This article is completely written by Amy Sayers, sharing her experience with epilepsy. This is the first part of a multi part series sharing hope and experiences of those individuals and families overcoming epilepsy. Amy Sayers is a Neutun.com user from Sturgis, Michigan.
Life was good. Even though I had a history of seizures. It was especially good because those seizures had kept themselves at bay for over 26 years. Good job brain! But — we all know how life has a way of twisting and turning. The path before us isn’t always well lit and every once in a while, we fall. More accurately — we trip and our face introduces itself to the bedroom floor, we sprain our wrist, bite our tongue and claw the palms of our hands. We can’t figure out how to get up, or which way to go because epilepsy jumped up like a big old root on my path and tripped up my life, and the lives of my family.
So — that’s how things were playing out for me. First seizure at 16, one more at 18, and then26 years seizure-free. Life was good. Epilepsy wasn’t even on my radar anymore. I had for some reason, beaten the big “E.” Enter stage left, walking from the bathroom into the bedroom on Christmas Eve, my first reoccurring seizure.
That was about ten years ago, and then, four years ago I was having head pain and experiencing an aura in my 5th grade classroom. My husband came and got me and took me directly to the emergency room. There I was given a great deal of medication to stop both the pain and the seizures. They decided to keep me overnight for observation…and we are so thankful they did. Sometime in the middle of the night, my husband tells me that I turned to him and said, “I need help.” The next thing I remember was waking up in ICU with many monitors on me. Apparently the medications they had given me taxed my respiratory system and put me in to asystole. My heart stopped for 9 seconds. I am thankful I don’t remember this experience. I didn’t understand why I couldn’t leave the hospital the next day. I oversaw the east sideline at Notre Dame Stadium and it was the day of the spring game and I had to be there! It was then that the doctor, trying to talk sense in to me, had the nurse bring in the EKG readout that showed the 9 seconds of flat line. This was very sobering to me — and my world tilted a little bit.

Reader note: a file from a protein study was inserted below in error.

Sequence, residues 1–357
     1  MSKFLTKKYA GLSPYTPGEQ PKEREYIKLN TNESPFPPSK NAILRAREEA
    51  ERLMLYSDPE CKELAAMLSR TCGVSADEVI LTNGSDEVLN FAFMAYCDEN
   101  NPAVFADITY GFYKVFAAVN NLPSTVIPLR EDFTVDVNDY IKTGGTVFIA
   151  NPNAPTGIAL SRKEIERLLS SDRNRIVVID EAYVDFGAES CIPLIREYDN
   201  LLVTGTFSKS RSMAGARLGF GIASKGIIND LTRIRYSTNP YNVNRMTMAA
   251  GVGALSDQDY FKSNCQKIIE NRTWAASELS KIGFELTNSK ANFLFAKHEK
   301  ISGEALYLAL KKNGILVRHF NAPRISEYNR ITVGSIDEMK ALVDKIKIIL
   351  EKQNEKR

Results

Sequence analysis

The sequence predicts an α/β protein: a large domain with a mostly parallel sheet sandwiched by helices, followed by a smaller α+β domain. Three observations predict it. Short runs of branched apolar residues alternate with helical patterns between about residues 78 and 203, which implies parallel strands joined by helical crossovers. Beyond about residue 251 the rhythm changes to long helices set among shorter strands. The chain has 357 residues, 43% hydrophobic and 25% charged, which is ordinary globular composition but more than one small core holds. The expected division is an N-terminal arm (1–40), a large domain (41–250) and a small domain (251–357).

Then, in April of 2015, almost a year ago, (we are gearing up for a big celebration,) I went down in the school parking lot with more seizures.(Hey colleagues, check THIS out — a humbling experience, to say the least.) They could not get them to stop. I was transferred to a hospital that was an hour away as it had a neuro ICU unit and I could be monitored both with an EEG and video monitoring. Over the next two days I experienced over 40 seizures. The worst part of this was coming out of those seizures and seeing my grown girls and their husbands see me in such a state. The pain on their faces was the greatest pain that I have felt in my life — far greater than any physical pain from having a seizure…and this is where the Neutun seizure app comes in to my story.
When I first began experiencing my seizures again, it turned our world upside down. I am a technology integration coach and serve all the schools in our district. Not driving was something that had to be worked around…luckily I have an amazing husband and work with some of the best people ever. One of the other hurdles that I had to get over was an over-protective husband. There were times I felt smothered by his attention. If I had a myoclonic jerk — his eagle eye would detect it and ask me “Are you okay???” If I had a head pain out of the blue and shut my eyes and held my head — he was at my side at an instant (and sometimes still is.) Every day before I leave home, it’s “Do you have your phone? Do you have your medicine?” And I suppose now with my amazing Neutun app on my watch — “Do you have your watch on?” One doctor appointment early on I mentioned to the doctor that it truly was irritating to me that David was offering too much attention and that I was feeling quite smothered by it…and this is what he said to me:
“Amy, you have to remember that a seizure is not only a serious event for you, but it is also a serious event for those that will witness you having one — especially your loved ones. Think about what they are seeing. You don’t see yourself, but they see you in a state that is very distressing.”
This really flipped a switch in me. I had never thought about what my epilepsy was putting my family through. David doesn’t like me to drive out of town by myself. I go to many conferences with my colleagues that are either out of town or out of state, and this leaves him feeling very helpless should I have an event.
The Neutun app has really made a difference in our lives.
It gives both David and I an assurance and peace of mind that when we are not together, that he will be notified at a moment’s notice if I am having a seizure.
You see, this app is just not for me, it is for my family. I may be the one wearing the watch, but it is for those listed in my contacts just as much as it is for me.
I am so thankful for the team of people behind the Neutun app. These people has been extraordinary to work with — and you can sense their commitment to making lives better for those of us that wake everyday unsure of what the day will bring when it comes to our epilepsy. I may not know what my epilepsy holds for me in the future, but thanks to this app, I know my care in the case of an event will be prompt and my family will be able to access me as quickly as possible. If I never have another seizure, I will continue to wear my watch with this amazing app. Thank-you, Neutun team, for realizing this important need within the epilepsy community. You are making a difference in our ability to feel safer as we live out our lives…and you are helping our families feel safer, too.